Ms. Phillips

Molly Phillips

Manager of Corporate Social Responsibility

Pan Pacific Hotel Seattle

Molly Phillips began her career in hospitality as Concierge for Four Seasons Hotel Philadelphia. She was a founding member of the “Green Team” for the hotel and achieved many successes in this area for the hotel; starting a hotel-wide recycling and composting program and working with Engineering Dept. on energy saving initiatives. In 2006, the hotel was awarded “Recycler of the Year” by the Greater Philadelphia Commercial Recycling Council.

Ms. Phillips moved to Seattle and began working for Kimpton Hotel Group in 2007. After completing a degree in Sustainable Business, she was named Manager of Sustainable Partnerships for all three Seattle Kimpton hotels. She created a pilot program to set companywide standards and metrics for monitoring the hotel’s environmental footprint and represented the company on panels, roundtable discussions and press interviews. The pilot program was then adopted company-wide to provide footprint analysis for guest rooms and meetings.

Ms. Phillips joined Pan Pacific Hotel Seattle in 2010 as Manager of Corporate Social Responsibility. She created and is evolving the PanEarth Program to explore and improve upon all aspects of their environmental and social sustainability.

Ms. Phillips was born and raised in Pittsburgh, PA and graduated with a B.A. in Communications / Media from Indiana University of Pennsylvania. In 2008, she graduated from Bainbridge Graduate Institute with a degree in Sustainable Business.

Ms. Phillips can be contacted at 206-323-3733 or molly.phillips@panpacific.com

Coming Up In The April Online Hotel Business Review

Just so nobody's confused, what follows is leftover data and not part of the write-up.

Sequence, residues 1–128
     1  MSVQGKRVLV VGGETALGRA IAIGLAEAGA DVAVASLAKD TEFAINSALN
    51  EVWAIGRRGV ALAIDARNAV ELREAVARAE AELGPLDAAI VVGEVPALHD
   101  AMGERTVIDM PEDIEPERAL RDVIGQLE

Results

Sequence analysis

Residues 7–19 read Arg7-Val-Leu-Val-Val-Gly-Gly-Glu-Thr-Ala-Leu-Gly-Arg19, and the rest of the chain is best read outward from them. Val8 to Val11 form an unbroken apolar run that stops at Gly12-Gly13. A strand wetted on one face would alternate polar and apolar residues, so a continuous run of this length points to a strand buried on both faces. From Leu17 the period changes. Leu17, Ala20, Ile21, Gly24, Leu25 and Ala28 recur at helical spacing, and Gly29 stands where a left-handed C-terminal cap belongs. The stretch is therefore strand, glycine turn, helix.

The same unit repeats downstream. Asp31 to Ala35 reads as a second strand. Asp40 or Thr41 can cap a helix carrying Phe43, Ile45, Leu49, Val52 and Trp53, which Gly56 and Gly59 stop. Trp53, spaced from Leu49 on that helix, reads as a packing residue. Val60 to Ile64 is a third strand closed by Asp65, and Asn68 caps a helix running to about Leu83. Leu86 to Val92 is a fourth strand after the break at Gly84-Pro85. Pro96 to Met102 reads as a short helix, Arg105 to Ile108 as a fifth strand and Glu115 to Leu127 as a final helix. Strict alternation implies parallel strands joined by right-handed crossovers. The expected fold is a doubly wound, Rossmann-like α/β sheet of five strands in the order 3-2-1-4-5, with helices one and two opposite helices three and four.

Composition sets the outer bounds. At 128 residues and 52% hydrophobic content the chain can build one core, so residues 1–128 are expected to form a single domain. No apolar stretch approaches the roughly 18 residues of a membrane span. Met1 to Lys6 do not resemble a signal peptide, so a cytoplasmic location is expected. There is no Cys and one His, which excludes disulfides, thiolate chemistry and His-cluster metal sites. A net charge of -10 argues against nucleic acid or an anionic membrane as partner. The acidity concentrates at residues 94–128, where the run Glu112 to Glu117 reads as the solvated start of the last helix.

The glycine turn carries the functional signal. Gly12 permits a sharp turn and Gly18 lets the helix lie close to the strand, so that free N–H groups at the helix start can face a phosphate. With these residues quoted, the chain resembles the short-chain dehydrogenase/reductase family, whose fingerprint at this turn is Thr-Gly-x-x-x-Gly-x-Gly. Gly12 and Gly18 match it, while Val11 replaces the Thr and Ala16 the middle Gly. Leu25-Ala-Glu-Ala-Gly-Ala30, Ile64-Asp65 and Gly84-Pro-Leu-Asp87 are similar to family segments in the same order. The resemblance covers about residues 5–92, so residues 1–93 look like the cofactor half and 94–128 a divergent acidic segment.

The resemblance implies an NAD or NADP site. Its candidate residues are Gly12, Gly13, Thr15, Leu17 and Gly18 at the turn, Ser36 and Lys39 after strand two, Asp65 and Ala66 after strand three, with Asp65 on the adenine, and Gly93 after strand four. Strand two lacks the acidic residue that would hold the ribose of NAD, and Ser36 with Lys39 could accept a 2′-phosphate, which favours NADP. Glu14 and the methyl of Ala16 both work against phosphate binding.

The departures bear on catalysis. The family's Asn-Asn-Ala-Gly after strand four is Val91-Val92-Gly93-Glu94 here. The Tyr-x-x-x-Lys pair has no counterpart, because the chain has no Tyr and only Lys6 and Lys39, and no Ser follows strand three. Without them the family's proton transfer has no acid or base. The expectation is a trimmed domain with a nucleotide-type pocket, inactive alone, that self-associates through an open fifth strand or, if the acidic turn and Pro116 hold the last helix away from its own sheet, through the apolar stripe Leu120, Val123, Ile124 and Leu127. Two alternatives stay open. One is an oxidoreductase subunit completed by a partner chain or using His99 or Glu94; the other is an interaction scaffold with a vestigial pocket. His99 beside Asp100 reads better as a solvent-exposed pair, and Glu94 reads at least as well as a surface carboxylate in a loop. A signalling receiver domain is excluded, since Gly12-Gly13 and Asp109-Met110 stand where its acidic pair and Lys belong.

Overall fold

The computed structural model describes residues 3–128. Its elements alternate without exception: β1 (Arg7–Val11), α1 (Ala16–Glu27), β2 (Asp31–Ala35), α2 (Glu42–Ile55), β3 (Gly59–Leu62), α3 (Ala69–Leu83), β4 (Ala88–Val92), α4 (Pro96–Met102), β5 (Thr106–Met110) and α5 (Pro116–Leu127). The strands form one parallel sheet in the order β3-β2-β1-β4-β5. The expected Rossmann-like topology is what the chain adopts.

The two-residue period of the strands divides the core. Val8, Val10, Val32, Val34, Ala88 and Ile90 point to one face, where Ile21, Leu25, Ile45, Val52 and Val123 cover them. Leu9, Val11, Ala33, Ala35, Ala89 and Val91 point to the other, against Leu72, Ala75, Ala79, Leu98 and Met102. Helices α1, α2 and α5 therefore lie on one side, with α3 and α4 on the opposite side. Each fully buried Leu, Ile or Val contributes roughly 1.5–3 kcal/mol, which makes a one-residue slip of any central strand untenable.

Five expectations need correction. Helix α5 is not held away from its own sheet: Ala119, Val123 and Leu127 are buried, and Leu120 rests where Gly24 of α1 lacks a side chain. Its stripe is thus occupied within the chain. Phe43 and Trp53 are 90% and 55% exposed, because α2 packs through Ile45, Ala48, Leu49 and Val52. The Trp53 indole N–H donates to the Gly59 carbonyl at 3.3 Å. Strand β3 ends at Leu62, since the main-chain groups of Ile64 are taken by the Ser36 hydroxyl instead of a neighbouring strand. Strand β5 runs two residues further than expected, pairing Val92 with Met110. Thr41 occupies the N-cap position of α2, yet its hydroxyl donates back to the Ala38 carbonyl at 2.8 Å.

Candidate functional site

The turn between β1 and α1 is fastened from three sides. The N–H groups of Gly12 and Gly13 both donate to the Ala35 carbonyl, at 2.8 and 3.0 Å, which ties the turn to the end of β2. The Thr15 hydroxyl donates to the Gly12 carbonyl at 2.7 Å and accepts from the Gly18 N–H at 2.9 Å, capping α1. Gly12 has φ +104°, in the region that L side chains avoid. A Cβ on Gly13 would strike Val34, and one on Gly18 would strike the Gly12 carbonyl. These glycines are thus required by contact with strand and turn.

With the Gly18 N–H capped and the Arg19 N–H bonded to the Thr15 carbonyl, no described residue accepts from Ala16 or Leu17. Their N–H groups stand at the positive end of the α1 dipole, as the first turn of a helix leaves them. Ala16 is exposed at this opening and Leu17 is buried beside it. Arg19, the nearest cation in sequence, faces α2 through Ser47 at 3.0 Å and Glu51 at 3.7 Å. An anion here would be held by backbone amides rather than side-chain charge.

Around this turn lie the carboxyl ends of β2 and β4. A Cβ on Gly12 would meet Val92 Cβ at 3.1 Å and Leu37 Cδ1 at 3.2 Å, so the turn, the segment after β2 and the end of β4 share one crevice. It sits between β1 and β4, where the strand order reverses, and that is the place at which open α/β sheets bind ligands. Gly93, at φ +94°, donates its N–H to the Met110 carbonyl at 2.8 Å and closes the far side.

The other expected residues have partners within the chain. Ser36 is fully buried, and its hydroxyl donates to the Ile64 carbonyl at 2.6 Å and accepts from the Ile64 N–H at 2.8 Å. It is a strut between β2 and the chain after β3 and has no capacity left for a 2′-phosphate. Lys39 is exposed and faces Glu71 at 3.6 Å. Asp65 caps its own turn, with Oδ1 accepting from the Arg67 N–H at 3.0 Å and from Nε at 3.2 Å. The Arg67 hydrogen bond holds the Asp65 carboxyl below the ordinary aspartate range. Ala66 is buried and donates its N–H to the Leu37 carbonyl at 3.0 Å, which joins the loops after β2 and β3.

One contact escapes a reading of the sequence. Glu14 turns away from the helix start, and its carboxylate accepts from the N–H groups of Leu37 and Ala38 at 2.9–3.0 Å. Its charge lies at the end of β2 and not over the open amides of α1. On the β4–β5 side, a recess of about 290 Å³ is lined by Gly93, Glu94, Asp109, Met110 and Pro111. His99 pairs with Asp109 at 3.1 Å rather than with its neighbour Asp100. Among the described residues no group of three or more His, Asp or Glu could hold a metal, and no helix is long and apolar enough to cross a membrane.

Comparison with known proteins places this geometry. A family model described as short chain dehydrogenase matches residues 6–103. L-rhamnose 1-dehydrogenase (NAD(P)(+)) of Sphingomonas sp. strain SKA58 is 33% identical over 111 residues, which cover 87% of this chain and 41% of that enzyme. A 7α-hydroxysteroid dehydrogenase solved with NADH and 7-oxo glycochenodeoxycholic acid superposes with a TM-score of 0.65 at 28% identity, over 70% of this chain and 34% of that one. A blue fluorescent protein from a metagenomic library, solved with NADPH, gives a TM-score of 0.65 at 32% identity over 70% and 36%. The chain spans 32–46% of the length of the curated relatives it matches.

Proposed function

Feature Focus
Guest Service: The Personalized Experience
In the not-too-distant future, when guests arrive at a hotel, they will check themselves in using a kiosk in the lobby, by- passing a stop at the front desk. When they call room service to order food, it will be from a hotel mobile tablet, practically eliminating any contact with friendly service people. Though these inevitable developments will likely result in delivered to their door by a robot. When they visit a restaurant, their orders will be placed and the bill will be paid some staff reduction, there is a silver lining – all the remaining hotel staff can be laser-focused on providing guests with the best possible service available. And for most guests, that means being the beneficiary of a personalized experience from the hotel. According to a recent Yahoo survey, 78 percent of hotel guests expressed a desire for some kind of personalization. They are seeking services that not only make them feel welcomed, but valued, and cause them to feel good about themselves. Hotels must strive to establish an emotional bond with their guests, the kind of bond that creates guest loyalty and brings them back time and again. But providing personalized service is more than knowing your guests by name. It’s leaving a bottle of wine in the room of a couple celebrating their anniversary, or knowing which guest enjoys having a fresh cup of coffee brought to their room as part of a wake-up call. It’s the small, thoughtful, personal gestures that matter most and produce the greatest effect. The April issue of the Hotel Business Review will document what some leading hotels are doing to cultivate and manage guest satisfaction in their operations.